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the realıns of the Autocrat. Among other things, he asked him why he did not stay there, as he received a large salary, and was the head of the establishment. How could he abandon so eligible a situation, and come back to be a subordinate at home, with a comparatively small compensation. “Well,"? said he, “I did not like it; I had nobody to speak to, and besides, I could not get my newspapers.” There spoke the American. He had rather forego wealth and station than his newspapers. And with such a nation of readers can we be long without a national literature? It is utterly impossible. At Athens eloquence reached the greatest perfection that it has ever attained in the world, because Athens was the freest and most intelligent community of all antiquity. All classes listened to the public harangues, and the most eloquent was the most powerful man in the state. The very fish women were critics of a classical pronunciation. The same causes operate here in ten-fold intensity, to produce the most perfect literature that has ever existed, -ten millions of intelligent readers, ready to bestow applause, and power, and wealth on him who

will most thoroughly enlighten their understandings, and most deeply move their hearts. Some of the speeches of Mr. Webster were perused by more eyes, and thrilled more hearts within three weeks of their delivery, than any of the orations of Cicero in three centuries from their publication, though they had the whole range of the Roman empire. And I will add, that nothing he ever wrote was more worthy to be transmitted to the latest posterity than some of the productions of our most distinguished orator, advocate, jurist, and statesman.

What is the augury of the phenomenon which is here exhibited this evening, and which is seen in every lecture room in this country? What means the fact that the theatres are almost forsaken, and beauty and fashion, the man of business, and the man of pleasure, are seen to throng the halls of scientific and literary entertainment? There they patiently listen to what would once have been called a dry lecture, the very name of which would have filled them with unutterable disgust. What is it but the evidence of the onward progress of man and of the age? Theatres seem to have had their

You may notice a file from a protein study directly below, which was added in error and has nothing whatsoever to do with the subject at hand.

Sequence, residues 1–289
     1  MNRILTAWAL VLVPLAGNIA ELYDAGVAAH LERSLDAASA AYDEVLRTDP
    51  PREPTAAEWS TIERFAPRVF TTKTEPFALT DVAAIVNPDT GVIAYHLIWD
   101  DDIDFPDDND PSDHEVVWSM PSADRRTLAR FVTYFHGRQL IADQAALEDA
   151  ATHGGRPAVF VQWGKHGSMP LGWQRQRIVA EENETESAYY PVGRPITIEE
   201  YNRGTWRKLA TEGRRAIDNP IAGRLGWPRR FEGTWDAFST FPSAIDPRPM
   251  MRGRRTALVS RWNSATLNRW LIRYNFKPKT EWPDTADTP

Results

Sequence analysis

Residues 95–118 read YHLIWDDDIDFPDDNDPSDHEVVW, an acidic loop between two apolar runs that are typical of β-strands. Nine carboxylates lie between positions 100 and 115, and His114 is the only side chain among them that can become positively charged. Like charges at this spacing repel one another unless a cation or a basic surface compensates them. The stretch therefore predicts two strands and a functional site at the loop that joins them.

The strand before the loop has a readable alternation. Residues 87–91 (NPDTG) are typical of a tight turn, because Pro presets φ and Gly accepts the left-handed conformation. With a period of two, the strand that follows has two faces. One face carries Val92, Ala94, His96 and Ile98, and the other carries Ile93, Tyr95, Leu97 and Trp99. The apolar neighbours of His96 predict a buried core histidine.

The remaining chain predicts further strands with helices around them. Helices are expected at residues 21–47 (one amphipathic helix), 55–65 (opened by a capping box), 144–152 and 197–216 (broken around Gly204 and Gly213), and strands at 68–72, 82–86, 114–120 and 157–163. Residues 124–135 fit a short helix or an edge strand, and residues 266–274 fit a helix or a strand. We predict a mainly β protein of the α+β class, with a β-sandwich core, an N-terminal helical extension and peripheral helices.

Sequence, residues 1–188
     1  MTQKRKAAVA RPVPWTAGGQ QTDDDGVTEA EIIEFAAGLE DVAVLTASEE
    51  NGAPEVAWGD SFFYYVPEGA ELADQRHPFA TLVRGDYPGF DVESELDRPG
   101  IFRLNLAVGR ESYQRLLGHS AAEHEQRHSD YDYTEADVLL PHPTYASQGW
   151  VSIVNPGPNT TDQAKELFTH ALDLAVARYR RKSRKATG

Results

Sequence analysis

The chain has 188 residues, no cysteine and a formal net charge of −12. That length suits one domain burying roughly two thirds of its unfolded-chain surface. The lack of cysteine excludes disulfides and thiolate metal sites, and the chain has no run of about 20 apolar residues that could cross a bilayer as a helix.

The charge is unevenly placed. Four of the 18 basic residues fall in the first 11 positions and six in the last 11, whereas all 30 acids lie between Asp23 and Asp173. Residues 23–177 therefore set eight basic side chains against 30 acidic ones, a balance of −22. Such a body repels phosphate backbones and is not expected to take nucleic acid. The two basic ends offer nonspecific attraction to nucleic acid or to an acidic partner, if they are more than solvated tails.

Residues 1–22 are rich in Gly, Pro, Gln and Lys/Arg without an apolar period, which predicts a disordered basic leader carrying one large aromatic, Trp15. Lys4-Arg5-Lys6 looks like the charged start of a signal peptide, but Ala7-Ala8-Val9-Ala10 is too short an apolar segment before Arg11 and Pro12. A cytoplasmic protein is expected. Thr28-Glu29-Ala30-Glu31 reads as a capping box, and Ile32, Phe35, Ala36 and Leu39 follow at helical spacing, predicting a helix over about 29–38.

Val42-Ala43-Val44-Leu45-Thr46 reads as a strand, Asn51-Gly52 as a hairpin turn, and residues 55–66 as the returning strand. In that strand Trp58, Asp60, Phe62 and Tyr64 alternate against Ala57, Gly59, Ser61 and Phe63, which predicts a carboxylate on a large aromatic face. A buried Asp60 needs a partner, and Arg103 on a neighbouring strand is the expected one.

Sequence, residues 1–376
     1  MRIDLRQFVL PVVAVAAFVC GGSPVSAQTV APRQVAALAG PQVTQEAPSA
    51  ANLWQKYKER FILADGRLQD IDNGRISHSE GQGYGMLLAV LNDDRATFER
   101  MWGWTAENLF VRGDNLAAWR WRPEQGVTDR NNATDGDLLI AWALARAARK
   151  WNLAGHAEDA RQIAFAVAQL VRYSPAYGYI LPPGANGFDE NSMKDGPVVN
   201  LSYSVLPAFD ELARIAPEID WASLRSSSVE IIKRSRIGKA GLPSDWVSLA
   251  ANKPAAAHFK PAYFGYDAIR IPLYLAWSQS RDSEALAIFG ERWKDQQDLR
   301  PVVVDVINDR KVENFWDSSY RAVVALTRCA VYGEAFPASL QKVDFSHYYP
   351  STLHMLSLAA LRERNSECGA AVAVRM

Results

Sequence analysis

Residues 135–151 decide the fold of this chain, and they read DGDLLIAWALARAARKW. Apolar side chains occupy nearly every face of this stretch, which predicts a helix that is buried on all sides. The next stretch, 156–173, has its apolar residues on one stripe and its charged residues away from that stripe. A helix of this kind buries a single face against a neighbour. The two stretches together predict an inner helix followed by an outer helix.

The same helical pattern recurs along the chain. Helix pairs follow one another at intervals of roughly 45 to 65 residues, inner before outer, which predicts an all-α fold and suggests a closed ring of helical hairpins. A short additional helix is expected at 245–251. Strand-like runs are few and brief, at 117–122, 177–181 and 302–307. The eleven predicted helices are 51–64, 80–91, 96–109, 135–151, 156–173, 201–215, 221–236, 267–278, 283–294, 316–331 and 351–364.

day. They appear to be falling into hopeless neglect. But they have not been written down, nor preached down. They could not have been. The taste for them is outgrown. Bad as some things are about them, I have no doubt that they have providentially played their part in the progressive civilization of the world. In the age of Shakspeare they long struggled with, and finally superseded the coarser and brutalizing sports of bull fighting and bear baiting. Was not this an improvement, I would ask those who most severely censure the theatre, and call it, as it too often is, the vestibule of perdition, was it not a gain to collect the crowd which gathered around two fierce animals goring each other to death, or a brace of dogs tearing in pieces their chained and imprisoned victim, there to become excited themselves to blows and blasphemy,—was it no gain to bring them within the walls of a theatre, to be subjected at least to the first lessons of order and decorum, to listen to some of the sublimest flights of human eloquence, instead of the growls and bellowings of the ring? It is in vain to expect mankind to step at one stride from barbarism to refinement, from

heathen debasement to Christian morality. All the intermediate stages must be passed through, each better than the last, but defective when compared with that which succeeds. The rude sports of the bear garden were moral and moralizing when compared with the horrible spectacles of the Roman Amphitheatre, where human beings instead of wild beasts were made to butcher each other for the amusement of the populace. When we complain, and justly complain of the theatre as falling so far below the standard of morality exhibited by Christianity, we ought to recollect that it has succeeded such scenes as that so admirably described by a modern poet.

“I see before me the Gladiator lie:-
He leans upon his hand-his manly brow
Consents to death, but conquers agony,
And his droop'd head sinks gradually low-
And through his side the last drops, ebbing slow
From the red gash, fall heavy, one by one,
Like the first of a thunder-shower; and now

The arena swims around him—he is gone,
Ere ceased the inhuman shout which hail'd the wretch

who won. He heard it, but he heeded not-his eyes Were with his heart, and that was far away.

He reck'd not of the life he lost, nor prize,
But where his rude hut by the Danube lay,
There were his young barbarians all at play,
There was their Dacian mother-he, their sire,
Butcher'd to make a Roman holiday-

All this rush'd with his blood-Shall he expire And unavenged?--Arise! ye Goths, and glut your ire!”

The stage then, though comparatively an evil, and perhaps at this period of the world absolutely so, has been comparatively a good. It has contributed to intellectualize if not to moralize mankind. Such a mind as that of Shakspeare does not fall without the circle of Divine Providence. Such a fervid genius as his, showing up man to himself, has not failed to kindle thought in others, and to unlock secrets in the hearts of the unreflecting, which otherwise would have remained forever undisclosed.

There are at the present period strong indications that either the taste, or the moral sense of the age, is leaving the theatre behind. The mind in its progress from childhood to maturity ceases to seek for mere amusement, and asks to be instructed as well as entertained.

As the mature man, who once delighted in toys and tales of the

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